Genetic Engineering: Should we or shouldnt we? Essay

This essay has a total of 1079 words and 5 pages.

Genetic Engineering: Should we or shouldnt we?

Genetic Engineering: Should we or Shouldn't we?

Genetic engineering is a process in which scientists transfer genes from one species to
another totally unrelated species. Usually this is done in order to get one organism to
produce proteins, which it would not naturally produce. The genes taken from one species,
which code for a particular protein, are put into cells of another species, using a
vector. This can result in the cells producing the desired protein. It is used for
producing proteins which can be used by humans, such as insulin for diabetics and is also
used to make organisms better at surviving, for example genetically modifying a plant so
that it can survive in acidic soil.

There is debate about whether genetic engineering should be used or not, and to what
degree. There are many problems that can occur from the process and many of these cannot
be avoided currently. There are known problems and there is also the fact that the whole
process is unpredictable and unforeseen problems could crop up. A good example of this was
the influence of a genetically engineered organism on a food chain, which sometimes
damaged the local ecology. The new organism could now compete successfully against other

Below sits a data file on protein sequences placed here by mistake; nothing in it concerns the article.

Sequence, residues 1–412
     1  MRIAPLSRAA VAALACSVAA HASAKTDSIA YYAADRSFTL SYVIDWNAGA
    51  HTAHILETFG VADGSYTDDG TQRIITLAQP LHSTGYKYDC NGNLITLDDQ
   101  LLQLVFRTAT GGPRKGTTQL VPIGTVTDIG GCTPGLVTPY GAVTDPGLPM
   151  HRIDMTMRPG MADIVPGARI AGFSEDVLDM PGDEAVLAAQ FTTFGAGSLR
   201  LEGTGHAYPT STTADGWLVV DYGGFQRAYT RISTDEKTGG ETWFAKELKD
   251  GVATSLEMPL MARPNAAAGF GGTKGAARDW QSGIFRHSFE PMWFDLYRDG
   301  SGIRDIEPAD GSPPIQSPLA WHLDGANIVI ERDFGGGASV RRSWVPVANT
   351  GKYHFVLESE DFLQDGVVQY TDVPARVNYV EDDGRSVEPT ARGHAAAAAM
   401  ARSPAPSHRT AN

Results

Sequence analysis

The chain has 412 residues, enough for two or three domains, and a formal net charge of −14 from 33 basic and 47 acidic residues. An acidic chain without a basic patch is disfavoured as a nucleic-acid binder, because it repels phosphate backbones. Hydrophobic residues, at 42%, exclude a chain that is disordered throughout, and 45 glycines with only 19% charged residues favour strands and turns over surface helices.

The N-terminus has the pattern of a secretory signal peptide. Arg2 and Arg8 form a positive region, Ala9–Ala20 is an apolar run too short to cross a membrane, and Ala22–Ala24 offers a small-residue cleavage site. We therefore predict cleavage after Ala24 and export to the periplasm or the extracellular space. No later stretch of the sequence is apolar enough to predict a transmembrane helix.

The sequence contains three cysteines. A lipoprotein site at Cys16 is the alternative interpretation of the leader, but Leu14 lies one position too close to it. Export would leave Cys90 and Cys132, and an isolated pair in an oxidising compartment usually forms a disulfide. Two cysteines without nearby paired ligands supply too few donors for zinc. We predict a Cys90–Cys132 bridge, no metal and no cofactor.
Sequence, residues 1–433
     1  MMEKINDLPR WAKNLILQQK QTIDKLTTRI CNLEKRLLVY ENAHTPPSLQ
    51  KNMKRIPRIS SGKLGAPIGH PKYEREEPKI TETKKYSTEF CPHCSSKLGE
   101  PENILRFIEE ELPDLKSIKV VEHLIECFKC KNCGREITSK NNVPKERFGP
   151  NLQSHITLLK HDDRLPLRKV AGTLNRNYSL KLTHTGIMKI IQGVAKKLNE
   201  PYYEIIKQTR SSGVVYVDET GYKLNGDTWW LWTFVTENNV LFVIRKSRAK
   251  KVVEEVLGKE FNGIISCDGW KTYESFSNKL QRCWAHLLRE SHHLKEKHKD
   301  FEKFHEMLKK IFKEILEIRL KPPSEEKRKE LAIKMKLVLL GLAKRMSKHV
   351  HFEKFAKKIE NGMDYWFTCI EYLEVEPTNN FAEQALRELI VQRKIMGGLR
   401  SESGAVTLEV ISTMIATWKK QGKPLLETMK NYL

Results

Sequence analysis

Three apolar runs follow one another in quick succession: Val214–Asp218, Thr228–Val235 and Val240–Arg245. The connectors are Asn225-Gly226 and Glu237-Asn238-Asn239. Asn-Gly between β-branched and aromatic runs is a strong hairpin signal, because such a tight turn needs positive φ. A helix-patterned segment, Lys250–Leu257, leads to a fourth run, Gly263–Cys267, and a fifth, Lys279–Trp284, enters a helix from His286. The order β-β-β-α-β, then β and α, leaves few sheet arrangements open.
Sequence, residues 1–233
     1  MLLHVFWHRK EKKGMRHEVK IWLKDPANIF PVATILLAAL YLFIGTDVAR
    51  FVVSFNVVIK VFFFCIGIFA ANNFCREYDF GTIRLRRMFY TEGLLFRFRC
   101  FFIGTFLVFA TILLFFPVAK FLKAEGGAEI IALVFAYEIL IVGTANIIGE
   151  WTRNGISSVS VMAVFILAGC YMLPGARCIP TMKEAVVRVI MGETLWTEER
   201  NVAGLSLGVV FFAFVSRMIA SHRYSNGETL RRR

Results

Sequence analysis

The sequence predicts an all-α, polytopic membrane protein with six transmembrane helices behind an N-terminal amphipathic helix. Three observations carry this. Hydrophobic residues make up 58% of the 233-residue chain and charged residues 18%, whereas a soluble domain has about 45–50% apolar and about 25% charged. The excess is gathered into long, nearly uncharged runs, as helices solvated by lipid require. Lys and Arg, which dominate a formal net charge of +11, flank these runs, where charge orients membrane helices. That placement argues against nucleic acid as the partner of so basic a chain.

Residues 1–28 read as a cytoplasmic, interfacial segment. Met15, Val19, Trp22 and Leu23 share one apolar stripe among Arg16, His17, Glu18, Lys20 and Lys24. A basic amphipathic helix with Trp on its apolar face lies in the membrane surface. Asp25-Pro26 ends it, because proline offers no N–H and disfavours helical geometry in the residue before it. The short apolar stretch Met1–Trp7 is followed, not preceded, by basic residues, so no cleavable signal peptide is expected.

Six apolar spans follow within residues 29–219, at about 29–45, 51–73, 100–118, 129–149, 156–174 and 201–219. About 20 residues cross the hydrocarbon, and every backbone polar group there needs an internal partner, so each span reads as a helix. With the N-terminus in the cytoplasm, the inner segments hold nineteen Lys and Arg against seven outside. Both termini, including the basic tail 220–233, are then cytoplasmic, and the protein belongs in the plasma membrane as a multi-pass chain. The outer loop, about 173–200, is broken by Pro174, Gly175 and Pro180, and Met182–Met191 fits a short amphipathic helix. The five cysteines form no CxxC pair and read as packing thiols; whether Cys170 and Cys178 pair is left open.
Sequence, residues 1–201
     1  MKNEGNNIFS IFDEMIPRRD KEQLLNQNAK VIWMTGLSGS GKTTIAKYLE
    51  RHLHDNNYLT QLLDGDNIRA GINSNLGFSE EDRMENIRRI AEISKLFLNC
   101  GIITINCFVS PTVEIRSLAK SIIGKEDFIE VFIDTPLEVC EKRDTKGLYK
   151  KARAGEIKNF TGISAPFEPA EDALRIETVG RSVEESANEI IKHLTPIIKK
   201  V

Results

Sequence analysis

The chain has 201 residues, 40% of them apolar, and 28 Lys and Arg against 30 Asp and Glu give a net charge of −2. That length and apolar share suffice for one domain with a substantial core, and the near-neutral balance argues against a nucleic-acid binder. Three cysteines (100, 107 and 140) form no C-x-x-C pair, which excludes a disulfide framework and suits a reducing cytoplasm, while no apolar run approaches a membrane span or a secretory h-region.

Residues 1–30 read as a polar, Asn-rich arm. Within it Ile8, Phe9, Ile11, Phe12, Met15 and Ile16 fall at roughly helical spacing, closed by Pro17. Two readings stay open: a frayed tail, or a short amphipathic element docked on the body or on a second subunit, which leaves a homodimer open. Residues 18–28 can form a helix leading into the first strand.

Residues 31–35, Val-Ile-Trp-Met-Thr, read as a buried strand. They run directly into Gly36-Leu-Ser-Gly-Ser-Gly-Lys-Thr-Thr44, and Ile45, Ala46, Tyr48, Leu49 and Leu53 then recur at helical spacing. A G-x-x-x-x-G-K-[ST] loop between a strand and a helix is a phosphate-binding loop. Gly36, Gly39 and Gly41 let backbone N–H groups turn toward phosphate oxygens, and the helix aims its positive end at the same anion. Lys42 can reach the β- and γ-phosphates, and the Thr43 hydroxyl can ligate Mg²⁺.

species, causing unforeseen changes in the environment. This could then have a knock-on
effect that could lead to the destruction of whole species.

Due to the quite random nature of genetic engineering, there is a risk that it may disrupt
the functioning of other genes in an organism. This could mean that the organisms do not
survive at all, or become some sort of mutated freak, which is completely different and
maybe even more dangerous. Genetic engineers also intend to profit by patenting
genetically engineered seeds. This means that, when a farmer plants these genetically
engineered seeds, all the seeds have an identical genetic structure. As a result, if a
fungus, a virus, or a pest develops which can attack this particular crop, they might all
be at risk, resulting in widespread crop failure. Insects, birds, and the wind can carry
genetically altered seeds, which can cross-pollinate with genetically natural crops and
wild relatives. All crops, organic and non-organic, are vulnerable to contamination from
cross-pollinatation, meaning that problems in the original genetically modified organisms
can be spread and can now affect other plants that have not been genetically modified.

Genetic engineering in food now uses material from organisms that have never been part of
the human food supply, and so could have unforeseen consequences for the humans who eat
them, as our bodies have not had to deal with these substances before. Genetically
engineered bacteria have also been known to kill. 37 people died, 1500 were partially
paralysed and 5000 temporarily disabled from a syndrome that was finally linked to a
substance made by genetically engineered bacteria. Genetic engineers use
antibiotic-resistance genes to mark genetically engineered cells. This means that
genetically engineered crops sometimes contain genes, which confer resistance to
antibiotics. Bacteria that may infect us could pick up these genes and would be much
harder to treat with their immunity to some antibiotics. Genetic engineering can produce
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